The point is that the Sims is losing its charm, but it's still an easy diversion. I sit there, my fingers darting between speeds one, three, and pause. When it's on three, I hold the key down, willing my people to go faster, faster, faster. When I stop playing and leave the PC to check my email on my Mac or wander aimlessly through the house, I realize my heart is racing. It seems I may have become the lamest of adrenaline junkies, although 'junkie' is probably going way too far. I don't jump off of tall things. No, I speed through simulated life.
When I'm not playing the Sims but am engaged in something and not just staring blankly at nothing, I've been rereading the Anne books. I don't remember what she was talking about, but my mom alluded to them when she brought up Anne's term "scope for imagination," and suddenly, all I wanted to do was reacquaint myself with Avonlea. The second night in Athens, OH visiting Rachel, I had to finish Anne of Green Gables before I could go downstairs to join in the late-birthday Riesling and horrible horrible limited release Woodchuck spring cider—no, seriously, the hint of honey or whatever actually means that this cider smells like perfume and as far as I know, tastes like it too. Avoid it. Brief research has revealed there will be a summer cider too, starting in June, with hints of blueberry. Talk about gross. Although probably not as gross, because blueberries are food and perfume is not.
Anyway, even though I'd read it at least twice before, I needed to see exactly how Anne of Green Gables ended. I was so excited for Anne and Gilbert to finally reconcile and become friends. (It was bound to happen, so this is not a spoiler...for all those people out there who are dying to read L.M. Montgomery but haven't gotten around to it yet.) At the back of my mind the rest of the weekend, I was excited to get home, pull book two off my top shelf, and find out what happened next. I think I had read most of the other books only once. I also think the Anne books are better this time around. I'm older, and more cynical, so it's more likely I would look at their prim sensibilities and Anne's bubbling enthusiasm and laugh a little meanly, then stop reading, but I don't. It's refreshing to be pulled into this sincere, simple, beautiful world. One reason that I appreciate them more now is that I've been paying attention to all the description. As a third grader, I doubt I did that too well. I spent most of my life as a fast reader, something which changed when piles of nonfiction were dumped upon me in college but which I can return to as soon as what I'm reading is both compelling and doesn't have a response paper at the end of it.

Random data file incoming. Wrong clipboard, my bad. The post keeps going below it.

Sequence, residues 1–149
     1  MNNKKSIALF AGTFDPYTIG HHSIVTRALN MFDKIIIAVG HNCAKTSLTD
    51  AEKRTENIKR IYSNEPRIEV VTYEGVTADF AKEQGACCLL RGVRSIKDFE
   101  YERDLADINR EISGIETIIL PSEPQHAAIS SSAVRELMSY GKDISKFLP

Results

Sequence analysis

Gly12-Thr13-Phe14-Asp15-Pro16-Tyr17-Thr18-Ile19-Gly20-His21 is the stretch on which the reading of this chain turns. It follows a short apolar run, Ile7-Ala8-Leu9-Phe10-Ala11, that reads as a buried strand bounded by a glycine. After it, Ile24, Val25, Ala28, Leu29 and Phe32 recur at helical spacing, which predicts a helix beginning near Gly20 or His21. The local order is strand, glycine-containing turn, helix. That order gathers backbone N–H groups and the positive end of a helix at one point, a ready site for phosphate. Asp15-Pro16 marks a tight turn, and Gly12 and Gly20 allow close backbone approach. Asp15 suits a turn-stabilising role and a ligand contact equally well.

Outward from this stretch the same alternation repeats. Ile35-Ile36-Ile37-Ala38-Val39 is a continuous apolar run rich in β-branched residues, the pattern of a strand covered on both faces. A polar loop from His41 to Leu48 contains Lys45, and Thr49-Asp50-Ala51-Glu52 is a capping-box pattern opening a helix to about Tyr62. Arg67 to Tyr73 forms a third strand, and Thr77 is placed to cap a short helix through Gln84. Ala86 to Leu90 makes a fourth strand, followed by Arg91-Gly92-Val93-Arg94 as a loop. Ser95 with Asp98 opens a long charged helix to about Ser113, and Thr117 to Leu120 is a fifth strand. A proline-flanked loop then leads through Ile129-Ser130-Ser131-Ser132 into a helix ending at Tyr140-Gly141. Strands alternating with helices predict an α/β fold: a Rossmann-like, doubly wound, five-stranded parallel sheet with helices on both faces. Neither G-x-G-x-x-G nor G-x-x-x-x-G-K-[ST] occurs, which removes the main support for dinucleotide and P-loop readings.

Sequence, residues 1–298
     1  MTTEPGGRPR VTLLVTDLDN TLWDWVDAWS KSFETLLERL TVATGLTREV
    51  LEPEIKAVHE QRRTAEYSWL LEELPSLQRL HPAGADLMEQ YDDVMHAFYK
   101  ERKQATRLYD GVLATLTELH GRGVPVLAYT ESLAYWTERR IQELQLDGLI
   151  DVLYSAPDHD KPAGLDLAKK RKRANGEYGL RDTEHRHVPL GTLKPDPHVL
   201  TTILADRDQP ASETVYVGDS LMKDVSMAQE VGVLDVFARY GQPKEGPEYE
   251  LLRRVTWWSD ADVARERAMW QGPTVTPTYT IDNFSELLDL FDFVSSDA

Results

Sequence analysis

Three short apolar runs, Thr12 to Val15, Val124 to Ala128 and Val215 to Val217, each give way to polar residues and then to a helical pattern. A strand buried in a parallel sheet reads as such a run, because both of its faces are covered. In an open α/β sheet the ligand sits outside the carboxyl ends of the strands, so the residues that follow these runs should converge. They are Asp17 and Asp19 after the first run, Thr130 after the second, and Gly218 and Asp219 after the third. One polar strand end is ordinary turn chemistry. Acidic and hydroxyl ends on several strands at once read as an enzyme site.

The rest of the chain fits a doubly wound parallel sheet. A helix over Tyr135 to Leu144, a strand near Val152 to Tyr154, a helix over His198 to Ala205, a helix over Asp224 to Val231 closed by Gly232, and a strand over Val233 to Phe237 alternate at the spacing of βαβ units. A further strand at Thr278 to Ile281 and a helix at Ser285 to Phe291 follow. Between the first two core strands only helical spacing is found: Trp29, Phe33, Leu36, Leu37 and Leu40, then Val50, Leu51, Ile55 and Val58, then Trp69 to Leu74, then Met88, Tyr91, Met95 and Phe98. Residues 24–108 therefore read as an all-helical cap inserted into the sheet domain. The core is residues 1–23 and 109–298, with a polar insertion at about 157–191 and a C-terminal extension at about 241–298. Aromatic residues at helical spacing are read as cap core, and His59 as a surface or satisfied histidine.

The description—flowery it might be, but so good:
The "Avenue," so called by the Newbridge people, was a stretch of road four or five hundred yards long, completely arched over with huge, wide-spreading apple-trees, planted years ago by an eccentric old farmer. Overhead was one long canopy of snowy fragrant bloom. Below the boughs the air was full of purple twilight and far ahead a glimpse of painted sunset sky shone like a great rose window at the end of a cathedral aisle. – Anne of Green Gables, Chapter 2I didn't even know what a rose window was last time I read this. And the old-fashioned speech, the inverted word order, the words L.M. Montgomery combines: the friendliness and tenderness of 'the Sarah-cat' and 'Anne-girl,' 'fireshine,' and "eyes shining with all the love-rapture of countless generations." 'Love-rapture' is silly, right? I could never write it. But it's perfect in its place. These books have renewed my faith in my ability to be earnest, somehow. At the same time, they've reminded me that descriptive passages can be like this. It's a sort of a downer, because I know I could never write like L.M. Montgomery. Which is okay, probably. It's not like I've spent my life in picturesque, unspoiled Prince Edward Island. I do think I should learn more plant names, however unlikely that may be.